China's biggest windmills are powered by Kubernetes: Interview with Rancher CEO Sheng Liang | SUSE Communities

China’s biggest windmills are powered by Kubernetes: Interview with Rancher CEO Sheng Liang


Video Transcription

Swapnil: Hi, this is Swapnil Bhartiya, and we are here at KubeCon and CloudNativeCon in Shanghai, China, and today we have Sheng Leng from Rancher Labs.

Sheng: That’s right.

Swapnil: It’s nice to see you.

Sheng: Very nice to see you too.

Swapnil: It’s been a pleasure, because I’ve been chasing you for a while, so it’s good to be sitting down with you and talking again.

Sheng: Likewise.

Swapnil: Yeah. And you delivered a talk with Goldwind, which I think is one of the largest manufacturers of wind turbines in China.

Sheng: That’s right. They’re the largest in China, third largest in the world.

Swapnil: Excellent. Because when I think about wind turbines, I just think about machines. I don’t think about IT infrastructure, but I am aware that they may have a lot of sensors there, how they detect everything. So can you talk about what kind of IT infrastructure they have, because you’ve worked very closely with them.

Sheng: It turns out that one of the biggest problems they actually needed to solve was to gather all the sensor data they have with all the wind turbines, and then use that to forecast the status of the system. And also, especially, the situation with the weather, with the wind speed, because that has a very big impact on the power output, which impacts the grid stability.

So because of the large amount of power these power stations actually generate, it’s a very difficult problem. And it’s a distributed, edge computing problem by nature, because even though the power companies, the headquarters are largely centralized, they actually function in many different states and provinces. And then inside each province, they actually have many different plants and a plant would have many different machines… So they basically have this three level IT structure. They have a central location, where the headquarters of one of the power utilities is, and then that utility would serve a number of provinces or states in China. And then each of the states, essentially, would have a second level data center that does a lot of data processing. And then finally, at each power plant, which could be built in fairly remote locations, there would be some edge computing nodes. And each edge computing nodes would manage a few to dozens, maybe up to 100 wind turbines.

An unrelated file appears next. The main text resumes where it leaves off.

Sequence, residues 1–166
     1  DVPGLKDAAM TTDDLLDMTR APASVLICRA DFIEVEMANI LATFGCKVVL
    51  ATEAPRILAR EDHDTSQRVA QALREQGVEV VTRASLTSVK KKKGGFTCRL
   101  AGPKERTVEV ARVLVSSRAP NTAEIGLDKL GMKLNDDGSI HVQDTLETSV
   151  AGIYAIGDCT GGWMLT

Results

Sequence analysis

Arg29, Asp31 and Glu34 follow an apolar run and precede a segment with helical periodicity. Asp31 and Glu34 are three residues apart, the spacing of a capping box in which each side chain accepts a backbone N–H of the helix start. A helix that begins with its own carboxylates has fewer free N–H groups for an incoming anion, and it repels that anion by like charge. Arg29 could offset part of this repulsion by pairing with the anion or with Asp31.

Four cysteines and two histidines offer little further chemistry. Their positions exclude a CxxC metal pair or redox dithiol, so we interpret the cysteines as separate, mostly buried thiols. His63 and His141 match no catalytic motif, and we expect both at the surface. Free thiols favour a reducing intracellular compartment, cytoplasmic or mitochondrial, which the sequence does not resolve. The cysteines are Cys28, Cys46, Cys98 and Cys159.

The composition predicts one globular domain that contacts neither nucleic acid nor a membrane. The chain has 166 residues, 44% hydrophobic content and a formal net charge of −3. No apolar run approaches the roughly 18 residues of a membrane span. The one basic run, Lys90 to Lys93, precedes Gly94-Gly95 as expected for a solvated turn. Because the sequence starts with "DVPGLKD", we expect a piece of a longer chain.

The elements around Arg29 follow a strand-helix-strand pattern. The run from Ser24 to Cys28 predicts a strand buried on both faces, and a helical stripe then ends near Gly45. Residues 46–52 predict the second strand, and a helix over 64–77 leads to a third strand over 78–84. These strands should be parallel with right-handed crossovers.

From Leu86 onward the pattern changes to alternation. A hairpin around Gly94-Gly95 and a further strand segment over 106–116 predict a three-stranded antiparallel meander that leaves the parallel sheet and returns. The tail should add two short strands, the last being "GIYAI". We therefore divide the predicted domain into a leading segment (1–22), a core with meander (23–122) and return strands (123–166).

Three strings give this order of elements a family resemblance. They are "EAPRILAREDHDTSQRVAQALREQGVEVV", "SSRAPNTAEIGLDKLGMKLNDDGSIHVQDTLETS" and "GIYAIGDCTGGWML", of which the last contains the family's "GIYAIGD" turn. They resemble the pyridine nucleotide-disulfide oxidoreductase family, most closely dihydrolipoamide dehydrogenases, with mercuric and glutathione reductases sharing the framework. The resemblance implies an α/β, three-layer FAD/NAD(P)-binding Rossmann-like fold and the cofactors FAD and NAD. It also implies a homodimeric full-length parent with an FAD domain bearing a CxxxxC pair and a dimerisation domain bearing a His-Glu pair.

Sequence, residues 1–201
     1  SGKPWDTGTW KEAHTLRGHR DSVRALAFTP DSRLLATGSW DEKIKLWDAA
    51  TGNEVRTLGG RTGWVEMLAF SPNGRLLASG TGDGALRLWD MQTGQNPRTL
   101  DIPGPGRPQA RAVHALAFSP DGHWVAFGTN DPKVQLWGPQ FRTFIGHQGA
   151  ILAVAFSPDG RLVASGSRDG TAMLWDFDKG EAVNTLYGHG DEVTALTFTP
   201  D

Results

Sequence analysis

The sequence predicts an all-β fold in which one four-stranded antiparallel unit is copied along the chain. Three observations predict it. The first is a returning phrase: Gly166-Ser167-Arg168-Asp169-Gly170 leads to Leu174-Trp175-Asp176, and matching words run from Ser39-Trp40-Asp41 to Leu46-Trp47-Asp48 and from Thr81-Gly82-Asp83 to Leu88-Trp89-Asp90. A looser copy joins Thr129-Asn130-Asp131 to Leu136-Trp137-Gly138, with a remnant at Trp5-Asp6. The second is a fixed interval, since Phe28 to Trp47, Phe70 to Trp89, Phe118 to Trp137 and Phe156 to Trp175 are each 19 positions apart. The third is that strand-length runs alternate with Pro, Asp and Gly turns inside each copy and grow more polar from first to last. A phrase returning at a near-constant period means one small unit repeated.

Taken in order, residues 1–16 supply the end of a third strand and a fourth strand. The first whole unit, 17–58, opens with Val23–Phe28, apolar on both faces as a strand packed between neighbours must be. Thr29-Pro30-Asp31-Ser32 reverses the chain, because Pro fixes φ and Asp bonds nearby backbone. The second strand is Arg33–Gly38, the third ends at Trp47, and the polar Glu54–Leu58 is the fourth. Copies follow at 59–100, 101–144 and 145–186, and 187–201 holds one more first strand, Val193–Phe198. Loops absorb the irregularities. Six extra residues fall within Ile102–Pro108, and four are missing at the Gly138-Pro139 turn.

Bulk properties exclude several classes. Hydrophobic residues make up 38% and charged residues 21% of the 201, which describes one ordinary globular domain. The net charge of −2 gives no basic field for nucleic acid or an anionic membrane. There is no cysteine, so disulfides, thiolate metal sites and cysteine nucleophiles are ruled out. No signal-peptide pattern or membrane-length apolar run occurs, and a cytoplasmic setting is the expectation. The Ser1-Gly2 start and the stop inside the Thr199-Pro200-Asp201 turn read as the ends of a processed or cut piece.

Swapnil: In what capacity are they using … open-source technologies?

Sheng: They developed this whole technology pretty much in-house, built using open source technologies from the ground up. They use a lot of storage technologies. They use object storage technologies, they use sort of analytical big data storage technologies, like Hadoop-like technologies. And then they use AI technologies that they use to try to learn about the weather patterns, and predict the speed of the wind and direction of the wind. So it’s a fairly sophisticated system.

Sheng: So the challenge they have, really, was how to distribute this software stack to a number of locations, both their central location and the regional … the state and province level data centers, and especially all the way out to the edge locations. And there’s actually a lot of commonality, they have a common sort of AI big data platform. They actually distribute everywhere, and it’s microservice based. It’s built out of pretty much the same set of open source components that big data, and storage, and AI that I talked about. And then that’s why they used Kubernetes, so they have a unique challenge of actually running a multiple Kubernetes clusters.

We investigated potentially using one big Kubernetes cluster, because these locations are connected, but the bandwidth is not that high. And that bandwidth has to be primarily used to actually take in the sensor data itself. So there’s really not that much extra bandwidth available to run hundreds or thousands of kubelets across half of China, or half of a major big country. And they sell worldwide, right, and then collect the data.

Sheng: So I think in one particular deployment they talked about, in the talk, there’re actually over 600 Kubernetes clusters. Most of them exist in these edge locations, and they have to have a way to distribute and deploy these Kubernetes clusters. And then they have to have a way to manage these Kubernetes clusters.